posted in: Poetry | 0

Auburn tresses locking down the shoulders,
Forest green patterns swirling in the shade,
It was late October when I told you
The dragon was in my eye’s corner.

But it was dreaming lowly in the dark,
The tongue flickering peacefully with shadows and ashes.
You offered to entrap it with a net,
But I told you I felt guilty doing so.

So it remained free, in my vision,
Never blurring, never fading,
Only lying with me, ready to guide me through
Mazes, the ones you refused to lead me to.

It visited me during the day, in rags and jewels,
And terrified me at night with its mask and teeth burning red.
I told you I could just not look at it,
Maybe it would go away.

And when I spoke it moved from its nest,
Leaving behind scorched marks of sweat and aggression,
It crawled step by step to me,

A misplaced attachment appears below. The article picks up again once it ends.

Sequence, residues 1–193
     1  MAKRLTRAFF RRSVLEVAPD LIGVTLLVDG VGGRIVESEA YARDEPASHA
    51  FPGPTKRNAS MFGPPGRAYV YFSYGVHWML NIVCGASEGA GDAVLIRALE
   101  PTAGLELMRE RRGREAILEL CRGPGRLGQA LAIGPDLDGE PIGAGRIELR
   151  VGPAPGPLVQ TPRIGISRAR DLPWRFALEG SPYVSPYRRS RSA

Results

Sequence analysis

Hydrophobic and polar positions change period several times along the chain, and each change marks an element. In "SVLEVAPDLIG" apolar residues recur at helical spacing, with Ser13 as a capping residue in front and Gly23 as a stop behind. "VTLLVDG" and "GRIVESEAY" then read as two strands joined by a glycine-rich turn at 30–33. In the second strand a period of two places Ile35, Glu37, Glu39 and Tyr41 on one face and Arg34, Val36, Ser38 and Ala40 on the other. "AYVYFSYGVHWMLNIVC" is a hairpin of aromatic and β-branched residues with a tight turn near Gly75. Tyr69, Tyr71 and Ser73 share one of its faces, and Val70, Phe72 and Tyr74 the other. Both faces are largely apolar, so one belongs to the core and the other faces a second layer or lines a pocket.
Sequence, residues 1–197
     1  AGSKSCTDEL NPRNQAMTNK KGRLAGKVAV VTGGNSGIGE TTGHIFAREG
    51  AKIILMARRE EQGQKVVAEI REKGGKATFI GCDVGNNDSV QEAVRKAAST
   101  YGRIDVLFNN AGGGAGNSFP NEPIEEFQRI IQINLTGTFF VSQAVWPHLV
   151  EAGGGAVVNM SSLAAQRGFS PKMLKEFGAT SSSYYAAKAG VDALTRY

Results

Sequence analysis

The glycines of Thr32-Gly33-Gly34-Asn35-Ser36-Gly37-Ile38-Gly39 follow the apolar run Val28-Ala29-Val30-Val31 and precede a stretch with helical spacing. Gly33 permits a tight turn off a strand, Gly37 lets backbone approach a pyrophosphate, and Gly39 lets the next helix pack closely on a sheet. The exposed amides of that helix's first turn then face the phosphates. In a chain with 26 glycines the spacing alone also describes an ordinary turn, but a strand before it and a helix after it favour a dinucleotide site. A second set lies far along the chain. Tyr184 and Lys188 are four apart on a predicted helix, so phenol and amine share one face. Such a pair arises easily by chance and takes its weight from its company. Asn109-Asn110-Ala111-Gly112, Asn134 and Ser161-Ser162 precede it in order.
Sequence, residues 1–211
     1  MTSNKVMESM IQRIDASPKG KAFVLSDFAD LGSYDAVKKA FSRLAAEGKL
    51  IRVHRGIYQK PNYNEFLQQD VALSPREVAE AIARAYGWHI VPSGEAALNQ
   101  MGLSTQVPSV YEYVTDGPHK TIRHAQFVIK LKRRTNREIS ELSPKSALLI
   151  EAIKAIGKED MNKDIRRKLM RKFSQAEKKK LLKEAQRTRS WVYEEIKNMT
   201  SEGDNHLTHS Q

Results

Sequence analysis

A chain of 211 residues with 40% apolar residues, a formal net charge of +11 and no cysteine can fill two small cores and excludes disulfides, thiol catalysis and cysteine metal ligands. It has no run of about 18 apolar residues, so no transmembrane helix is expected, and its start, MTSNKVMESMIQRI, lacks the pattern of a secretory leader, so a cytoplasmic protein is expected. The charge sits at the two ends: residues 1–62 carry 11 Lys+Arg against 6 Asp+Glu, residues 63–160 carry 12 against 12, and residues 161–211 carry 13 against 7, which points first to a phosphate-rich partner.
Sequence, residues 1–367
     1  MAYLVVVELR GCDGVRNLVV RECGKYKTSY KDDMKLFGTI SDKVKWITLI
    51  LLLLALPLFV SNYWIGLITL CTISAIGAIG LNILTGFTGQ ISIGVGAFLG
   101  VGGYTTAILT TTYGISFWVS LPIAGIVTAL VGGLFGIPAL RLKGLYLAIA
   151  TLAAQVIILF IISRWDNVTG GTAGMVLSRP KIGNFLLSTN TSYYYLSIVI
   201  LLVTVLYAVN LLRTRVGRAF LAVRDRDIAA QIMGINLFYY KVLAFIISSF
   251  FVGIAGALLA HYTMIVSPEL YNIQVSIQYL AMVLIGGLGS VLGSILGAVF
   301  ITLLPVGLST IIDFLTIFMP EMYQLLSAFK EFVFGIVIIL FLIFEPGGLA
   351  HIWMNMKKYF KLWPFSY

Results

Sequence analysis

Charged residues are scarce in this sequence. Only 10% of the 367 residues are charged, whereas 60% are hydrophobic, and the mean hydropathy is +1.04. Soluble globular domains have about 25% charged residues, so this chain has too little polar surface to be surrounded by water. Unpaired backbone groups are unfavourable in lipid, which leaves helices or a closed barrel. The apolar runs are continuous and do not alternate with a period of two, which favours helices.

Until it barely reached your toes.

Then it snarled. Not for long, just short,
But it snarled and you jumped,
Because I snarled back as loud as it did,
And you thought you felt me burn.

And in moments of weakness I blinked.
I blinked and I blinked until
The dragon melted with your shadow,
And your shadow melted with the dragon, as a candle.

In cringing horror I stumbled down
To you, on my knees, as you morphed
Into the creature you had already become
Just last October.

Once again you offered to entrap the dragon
In a net, the one you sewed last October
For me. I told you I felt guilty
Entrapping you like that.

by Esmé Manuel, 16, St. Stephen’s High School, Italy


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